However, citing their “Catholic moral tradition which for culpability considers...full awareness and consent (of the act of plagiarism on the part of Pangilinan), the Board unanimously decided not to accept Pangilinan’s offer to resign as their chairman.
This incident may have been an eerie replay of the Laurence Tribe plagiarism matter, wherein the copied portion of Tribe's text may have been ghostwritten by someone else. In the Tribe matter, this produces an odd argument: I'm not guilty of plagiarism because someone else did the copying, although I put my own name on the book, which I didn't actually write. Is using ghost-written material itself plagiarism?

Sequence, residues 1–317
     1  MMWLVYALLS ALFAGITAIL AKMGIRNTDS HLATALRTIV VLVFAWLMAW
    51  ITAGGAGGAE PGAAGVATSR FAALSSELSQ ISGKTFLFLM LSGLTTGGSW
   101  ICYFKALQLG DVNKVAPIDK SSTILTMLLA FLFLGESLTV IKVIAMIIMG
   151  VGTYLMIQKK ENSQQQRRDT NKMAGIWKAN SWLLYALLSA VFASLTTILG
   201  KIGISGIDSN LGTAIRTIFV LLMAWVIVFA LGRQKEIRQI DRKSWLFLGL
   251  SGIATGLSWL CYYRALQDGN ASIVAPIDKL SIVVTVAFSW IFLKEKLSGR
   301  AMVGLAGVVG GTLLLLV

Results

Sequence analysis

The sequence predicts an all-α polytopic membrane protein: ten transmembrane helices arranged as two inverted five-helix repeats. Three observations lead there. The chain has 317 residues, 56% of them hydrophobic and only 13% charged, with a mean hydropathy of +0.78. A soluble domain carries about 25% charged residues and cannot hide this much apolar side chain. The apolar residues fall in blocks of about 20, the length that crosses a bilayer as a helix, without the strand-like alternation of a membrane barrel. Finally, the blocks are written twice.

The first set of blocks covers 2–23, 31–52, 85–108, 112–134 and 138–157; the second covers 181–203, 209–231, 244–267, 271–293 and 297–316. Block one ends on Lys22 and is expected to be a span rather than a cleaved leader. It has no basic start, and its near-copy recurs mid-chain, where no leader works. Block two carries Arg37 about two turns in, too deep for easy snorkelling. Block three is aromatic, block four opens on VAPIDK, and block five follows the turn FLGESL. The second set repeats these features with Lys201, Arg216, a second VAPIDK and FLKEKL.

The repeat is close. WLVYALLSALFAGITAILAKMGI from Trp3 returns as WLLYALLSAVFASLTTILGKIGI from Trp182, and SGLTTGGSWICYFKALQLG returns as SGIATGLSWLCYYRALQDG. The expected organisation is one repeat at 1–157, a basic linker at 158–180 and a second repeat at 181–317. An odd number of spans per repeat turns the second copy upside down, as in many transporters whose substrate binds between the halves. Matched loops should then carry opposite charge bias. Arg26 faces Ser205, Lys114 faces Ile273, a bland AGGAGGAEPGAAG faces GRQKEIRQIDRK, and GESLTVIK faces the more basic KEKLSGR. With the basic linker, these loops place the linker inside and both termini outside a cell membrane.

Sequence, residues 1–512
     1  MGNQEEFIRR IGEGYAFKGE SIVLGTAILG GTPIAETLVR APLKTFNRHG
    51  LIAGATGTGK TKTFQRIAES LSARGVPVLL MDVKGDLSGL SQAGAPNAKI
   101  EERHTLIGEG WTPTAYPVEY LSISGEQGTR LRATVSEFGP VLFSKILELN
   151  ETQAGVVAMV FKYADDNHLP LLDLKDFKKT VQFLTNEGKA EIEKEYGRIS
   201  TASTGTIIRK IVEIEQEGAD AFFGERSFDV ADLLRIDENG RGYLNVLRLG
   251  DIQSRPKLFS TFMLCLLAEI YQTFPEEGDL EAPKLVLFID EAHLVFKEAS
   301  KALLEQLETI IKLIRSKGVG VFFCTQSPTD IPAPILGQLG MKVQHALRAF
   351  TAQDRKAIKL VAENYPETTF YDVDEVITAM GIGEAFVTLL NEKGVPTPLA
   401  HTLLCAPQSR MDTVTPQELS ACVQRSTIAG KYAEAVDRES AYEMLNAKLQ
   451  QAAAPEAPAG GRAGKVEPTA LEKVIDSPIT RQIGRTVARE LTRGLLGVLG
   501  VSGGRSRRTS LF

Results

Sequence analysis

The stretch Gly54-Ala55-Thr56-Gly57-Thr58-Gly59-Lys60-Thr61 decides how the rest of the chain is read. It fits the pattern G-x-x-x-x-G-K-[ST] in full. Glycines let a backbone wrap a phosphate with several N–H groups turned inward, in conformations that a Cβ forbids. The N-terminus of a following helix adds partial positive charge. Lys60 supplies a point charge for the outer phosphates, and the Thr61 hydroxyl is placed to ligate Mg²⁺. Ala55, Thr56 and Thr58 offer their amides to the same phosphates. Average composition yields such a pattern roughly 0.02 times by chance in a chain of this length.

In the context of speech writing, famous people, such as the President of the United States, have speech writers, but "pass off" the speech as their own. That's fairly standard practice. What happens when the speechwriter copies from a prior speech, without attribution? Does the speaker take the fall? Is speaking ghost-written material plagiarism? Or, as in a recent Obama speech, what happens when the speechwriter falsely attributes a quote (here, to Lincoln) when Lincoln didn't say it? Does the speaker take the fall?
IPBiz does not want to defend plagiarists, but Pangilinan, in giving a ghostwritten speech, may be less culpable than Tribe, who in turn may be less culpable than Biden at Syracuse Law or Poshard at SIU.
See prior IPBiz post:
Manuel Pangilinan offers to resign over plagiarism